Michael Kreps is Principal and Co-Chair of the Retirement Services Practice at Groom Law Group. Previously he served as the Senior Pensions and Employment Counsel for the U.S. Senate Committee on Health, Education, Labor, and Pensions.
Every year, millions of Americans leave behind small 401(k) accounts when they change jobs, and employers are permitted to force payment of those assets to the job leavers, out of their plans. The practical result is that too many people cash out their savings, draining billions of dollars from the retirement system every year. These cash-outs are due, in no small part, to the fact that the US retirement system makes it too difficult and time consuming for people to move their accumulated savings to their new employers. Fortunately, there is growing momentum to address this problem by implementing “auto portability.”
Employers can force out small 401(k) accounts because these can be costly to administer, and the administrative expenses of keeping them can even exceed the value of the accounts. Congress sought to help with this problem by allowing firms to involuntarily distribute accounts valued under $5,000 of former employees. This approach significantly reduced the number of small accounts, but it created a whole new problem: cash-outs.
While people can take these distributions and move them to another 401(k) or an IRA, many just cash out because it can be too difficult and complicated to roll over their savings. Research indicates that at least one third, and sometimes close to half, of plan participants withdraw part or all of their retirement plan assets following a job change. The lost savings due to these cash-outs amounts to $60-$105 billion each year.
Cashing out is one of the most detrimental choices a person can make when it comes to retirement readiness. Not only must people pay a tax penalty for the cash-out; many are left without any retirement savings. For instance, a 30-year-old worker who cashed out a $5,000 401(k) savings account today could give up about a $30,000 balance that would have accrued by age 65.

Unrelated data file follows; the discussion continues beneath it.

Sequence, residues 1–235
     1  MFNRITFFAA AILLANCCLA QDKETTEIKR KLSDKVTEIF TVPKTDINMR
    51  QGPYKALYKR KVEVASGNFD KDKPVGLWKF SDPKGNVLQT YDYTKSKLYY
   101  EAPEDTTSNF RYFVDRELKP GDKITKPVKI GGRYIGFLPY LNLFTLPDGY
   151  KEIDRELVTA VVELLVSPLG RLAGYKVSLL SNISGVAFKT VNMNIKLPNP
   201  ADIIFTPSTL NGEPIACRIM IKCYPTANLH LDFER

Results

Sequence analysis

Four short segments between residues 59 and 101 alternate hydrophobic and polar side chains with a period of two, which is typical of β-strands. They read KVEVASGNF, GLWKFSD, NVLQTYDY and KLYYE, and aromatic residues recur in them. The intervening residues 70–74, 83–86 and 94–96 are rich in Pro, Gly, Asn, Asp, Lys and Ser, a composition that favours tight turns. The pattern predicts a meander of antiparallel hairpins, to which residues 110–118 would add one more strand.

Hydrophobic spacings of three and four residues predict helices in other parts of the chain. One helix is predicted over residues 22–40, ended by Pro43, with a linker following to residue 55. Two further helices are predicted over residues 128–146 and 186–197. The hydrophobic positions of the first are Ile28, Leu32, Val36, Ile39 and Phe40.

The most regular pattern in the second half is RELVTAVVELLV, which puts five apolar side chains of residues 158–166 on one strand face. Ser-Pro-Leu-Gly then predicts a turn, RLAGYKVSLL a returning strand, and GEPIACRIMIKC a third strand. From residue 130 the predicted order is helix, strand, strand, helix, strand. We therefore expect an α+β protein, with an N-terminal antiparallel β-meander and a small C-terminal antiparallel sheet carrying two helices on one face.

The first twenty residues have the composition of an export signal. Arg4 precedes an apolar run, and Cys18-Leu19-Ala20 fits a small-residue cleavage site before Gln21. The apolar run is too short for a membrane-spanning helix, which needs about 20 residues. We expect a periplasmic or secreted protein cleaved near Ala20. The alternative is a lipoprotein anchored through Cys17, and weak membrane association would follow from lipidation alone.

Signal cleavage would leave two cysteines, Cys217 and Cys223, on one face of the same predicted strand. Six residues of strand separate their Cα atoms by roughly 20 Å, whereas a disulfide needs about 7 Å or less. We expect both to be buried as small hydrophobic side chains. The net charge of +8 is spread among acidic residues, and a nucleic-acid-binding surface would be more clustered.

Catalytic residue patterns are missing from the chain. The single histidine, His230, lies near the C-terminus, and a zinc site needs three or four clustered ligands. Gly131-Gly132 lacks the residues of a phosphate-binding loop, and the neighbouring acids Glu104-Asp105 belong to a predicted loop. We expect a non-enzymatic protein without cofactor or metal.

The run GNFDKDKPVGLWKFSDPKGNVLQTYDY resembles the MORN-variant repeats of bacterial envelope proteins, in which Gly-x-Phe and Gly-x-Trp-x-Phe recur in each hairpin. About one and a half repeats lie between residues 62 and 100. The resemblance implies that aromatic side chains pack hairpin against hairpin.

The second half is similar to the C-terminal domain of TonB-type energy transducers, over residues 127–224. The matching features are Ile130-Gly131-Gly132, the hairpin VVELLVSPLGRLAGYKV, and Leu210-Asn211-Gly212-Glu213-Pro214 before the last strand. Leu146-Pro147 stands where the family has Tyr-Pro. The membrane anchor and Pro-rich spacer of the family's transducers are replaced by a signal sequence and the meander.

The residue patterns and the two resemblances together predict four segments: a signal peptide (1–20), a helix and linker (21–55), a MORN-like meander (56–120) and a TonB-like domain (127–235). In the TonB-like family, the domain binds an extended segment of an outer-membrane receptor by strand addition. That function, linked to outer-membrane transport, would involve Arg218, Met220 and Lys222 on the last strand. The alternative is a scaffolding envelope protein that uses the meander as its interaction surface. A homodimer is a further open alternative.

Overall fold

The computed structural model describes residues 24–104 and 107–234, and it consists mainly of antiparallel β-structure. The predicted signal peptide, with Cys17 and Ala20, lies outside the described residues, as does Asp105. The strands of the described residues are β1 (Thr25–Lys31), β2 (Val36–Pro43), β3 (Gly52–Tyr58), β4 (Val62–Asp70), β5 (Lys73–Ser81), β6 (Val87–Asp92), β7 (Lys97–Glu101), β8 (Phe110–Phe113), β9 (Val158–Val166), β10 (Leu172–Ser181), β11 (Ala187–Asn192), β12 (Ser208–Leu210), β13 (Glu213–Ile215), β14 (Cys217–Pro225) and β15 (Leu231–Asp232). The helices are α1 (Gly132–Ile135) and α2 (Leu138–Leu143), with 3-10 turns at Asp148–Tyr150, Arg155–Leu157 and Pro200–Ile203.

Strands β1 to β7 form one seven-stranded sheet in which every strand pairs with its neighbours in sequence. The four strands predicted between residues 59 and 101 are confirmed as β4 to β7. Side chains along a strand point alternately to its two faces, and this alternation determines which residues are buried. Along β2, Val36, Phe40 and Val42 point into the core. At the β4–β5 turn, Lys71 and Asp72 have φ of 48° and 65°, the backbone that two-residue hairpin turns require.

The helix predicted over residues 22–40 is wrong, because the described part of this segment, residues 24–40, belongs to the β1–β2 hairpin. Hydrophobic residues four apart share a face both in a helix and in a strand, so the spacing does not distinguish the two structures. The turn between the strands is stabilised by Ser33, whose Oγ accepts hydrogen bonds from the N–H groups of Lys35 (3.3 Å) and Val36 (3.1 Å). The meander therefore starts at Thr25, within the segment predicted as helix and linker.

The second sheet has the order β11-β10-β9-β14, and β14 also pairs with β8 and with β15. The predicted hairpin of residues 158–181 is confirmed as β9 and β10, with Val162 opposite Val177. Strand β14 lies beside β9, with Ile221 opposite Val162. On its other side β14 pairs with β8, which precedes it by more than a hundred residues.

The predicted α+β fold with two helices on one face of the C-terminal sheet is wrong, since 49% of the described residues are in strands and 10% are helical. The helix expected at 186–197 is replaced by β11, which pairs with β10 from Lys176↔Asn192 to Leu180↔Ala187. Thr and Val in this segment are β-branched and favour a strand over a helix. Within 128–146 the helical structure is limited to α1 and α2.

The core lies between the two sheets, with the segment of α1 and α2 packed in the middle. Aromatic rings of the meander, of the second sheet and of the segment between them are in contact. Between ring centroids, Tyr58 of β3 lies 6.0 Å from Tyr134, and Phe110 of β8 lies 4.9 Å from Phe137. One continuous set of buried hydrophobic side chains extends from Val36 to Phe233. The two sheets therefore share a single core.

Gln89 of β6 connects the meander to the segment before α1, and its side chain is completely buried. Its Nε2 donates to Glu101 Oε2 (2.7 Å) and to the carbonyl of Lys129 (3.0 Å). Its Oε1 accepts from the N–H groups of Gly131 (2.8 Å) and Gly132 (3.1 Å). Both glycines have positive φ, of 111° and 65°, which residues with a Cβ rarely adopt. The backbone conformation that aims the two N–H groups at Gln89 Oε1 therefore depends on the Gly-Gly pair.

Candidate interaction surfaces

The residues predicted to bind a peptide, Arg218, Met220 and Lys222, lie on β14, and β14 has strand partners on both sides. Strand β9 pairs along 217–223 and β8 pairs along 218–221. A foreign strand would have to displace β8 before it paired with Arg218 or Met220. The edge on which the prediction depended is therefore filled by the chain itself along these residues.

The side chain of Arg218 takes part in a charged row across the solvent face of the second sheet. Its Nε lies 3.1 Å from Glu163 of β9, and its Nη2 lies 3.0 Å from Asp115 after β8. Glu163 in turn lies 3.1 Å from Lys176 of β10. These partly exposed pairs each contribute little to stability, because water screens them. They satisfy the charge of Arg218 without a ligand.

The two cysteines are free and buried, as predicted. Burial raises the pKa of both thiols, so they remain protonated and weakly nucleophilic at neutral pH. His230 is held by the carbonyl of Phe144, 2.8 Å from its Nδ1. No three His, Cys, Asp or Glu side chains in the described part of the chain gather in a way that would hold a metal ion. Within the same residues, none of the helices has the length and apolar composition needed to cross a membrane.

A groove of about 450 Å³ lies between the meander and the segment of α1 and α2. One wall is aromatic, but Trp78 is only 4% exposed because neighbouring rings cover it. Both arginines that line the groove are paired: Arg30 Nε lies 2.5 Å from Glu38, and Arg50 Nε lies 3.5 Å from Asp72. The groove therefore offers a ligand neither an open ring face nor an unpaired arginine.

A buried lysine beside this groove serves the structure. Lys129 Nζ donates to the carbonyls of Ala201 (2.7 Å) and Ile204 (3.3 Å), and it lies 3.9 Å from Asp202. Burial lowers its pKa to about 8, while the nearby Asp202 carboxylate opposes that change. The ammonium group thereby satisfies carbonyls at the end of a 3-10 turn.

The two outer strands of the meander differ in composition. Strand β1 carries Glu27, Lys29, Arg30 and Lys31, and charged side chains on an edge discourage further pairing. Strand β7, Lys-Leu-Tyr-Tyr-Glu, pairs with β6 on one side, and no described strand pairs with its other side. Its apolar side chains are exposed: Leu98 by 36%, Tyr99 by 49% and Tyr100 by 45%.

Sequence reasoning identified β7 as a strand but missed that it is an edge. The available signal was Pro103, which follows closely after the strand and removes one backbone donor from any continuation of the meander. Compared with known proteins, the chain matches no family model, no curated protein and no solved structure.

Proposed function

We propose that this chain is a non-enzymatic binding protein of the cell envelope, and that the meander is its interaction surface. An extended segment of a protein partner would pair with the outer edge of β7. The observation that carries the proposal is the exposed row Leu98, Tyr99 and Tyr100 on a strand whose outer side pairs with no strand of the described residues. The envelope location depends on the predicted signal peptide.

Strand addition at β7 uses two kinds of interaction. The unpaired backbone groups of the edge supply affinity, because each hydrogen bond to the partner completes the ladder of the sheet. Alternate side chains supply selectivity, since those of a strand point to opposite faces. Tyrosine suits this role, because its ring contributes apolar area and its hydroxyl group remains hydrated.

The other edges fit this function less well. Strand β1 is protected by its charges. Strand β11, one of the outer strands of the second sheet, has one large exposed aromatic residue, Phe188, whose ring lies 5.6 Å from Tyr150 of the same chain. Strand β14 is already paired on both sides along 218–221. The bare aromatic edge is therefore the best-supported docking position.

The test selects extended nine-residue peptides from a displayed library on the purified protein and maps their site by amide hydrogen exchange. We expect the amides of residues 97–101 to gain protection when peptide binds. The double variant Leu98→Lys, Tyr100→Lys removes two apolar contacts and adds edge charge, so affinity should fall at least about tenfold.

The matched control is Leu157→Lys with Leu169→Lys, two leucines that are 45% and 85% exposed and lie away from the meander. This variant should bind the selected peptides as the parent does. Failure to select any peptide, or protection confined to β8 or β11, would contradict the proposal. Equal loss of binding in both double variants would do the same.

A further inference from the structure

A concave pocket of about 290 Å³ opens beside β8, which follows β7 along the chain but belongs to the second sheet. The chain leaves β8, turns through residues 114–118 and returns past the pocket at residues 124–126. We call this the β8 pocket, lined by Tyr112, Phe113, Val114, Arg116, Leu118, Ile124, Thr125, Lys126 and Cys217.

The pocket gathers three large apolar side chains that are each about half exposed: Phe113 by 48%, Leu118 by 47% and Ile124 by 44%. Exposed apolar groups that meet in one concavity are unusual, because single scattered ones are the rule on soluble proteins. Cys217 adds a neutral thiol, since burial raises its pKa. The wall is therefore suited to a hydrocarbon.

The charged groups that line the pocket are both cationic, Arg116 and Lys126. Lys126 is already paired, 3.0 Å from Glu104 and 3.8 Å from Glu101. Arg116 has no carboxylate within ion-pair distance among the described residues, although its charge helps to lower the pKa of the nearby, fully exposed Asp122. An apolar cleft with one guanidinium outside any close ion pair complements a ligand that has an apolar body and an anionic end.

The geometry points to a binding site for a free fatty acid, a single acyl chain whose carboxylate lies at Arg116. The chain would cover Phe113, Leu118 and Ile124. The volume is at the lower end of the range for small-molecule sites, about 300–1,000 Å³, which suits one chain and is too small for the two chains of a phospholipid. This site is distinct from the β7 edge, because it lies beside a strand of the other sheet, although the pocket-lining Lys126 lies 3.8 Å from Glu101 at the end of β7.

To address the problem of cash-outs, auto portability can be the solution. The idea behind auto portability is to permit small accounts to automatically follow workers leaving one employer plan by rolling the money to another plan, instead of forcing the payment. While some may still cash out their savings, the millions who take advantage of this default will retain money in the retirement system and enjoy a more secure retirement.
Auto portability is likely to have an enormous impact on the US retirement system. The Employee Benefit Research Institute estimated that auto portability could preserve an estimated $1.5 trillion in additional retirement savings over a generation. The projected impact is even greater when auto portability is coupled with federal and state proposals to expand retirement plan coverage.
Putting auto portability in place is no small task, as it will require building a network of 401(k) service providers and establishing a clearinghouse to move accounts from point A to point B. Additionally, the system is subject to regulatory guardrails established and overseen by the U.S. Department of Labor. Nevertheless, there has been major progress recently, and two of the largest 401(k) recordkeepers – Alight and Vanguard – recently announced the implementation of auto portability.
It is hard to overstate the potential of auto portability to transform the US retirement system. It will undoubtedly preserve many small accounts, making retirement more secure for millions of people. It also provides the infrastructure necessary to make all 401(k) accounts truly portable and to solve vexing problems like locating “missing” participants.
Views of our Guest Bloggers are theirs alone, and not of the Pension Research Council, the Wharton School, or the University of Pennsylvania.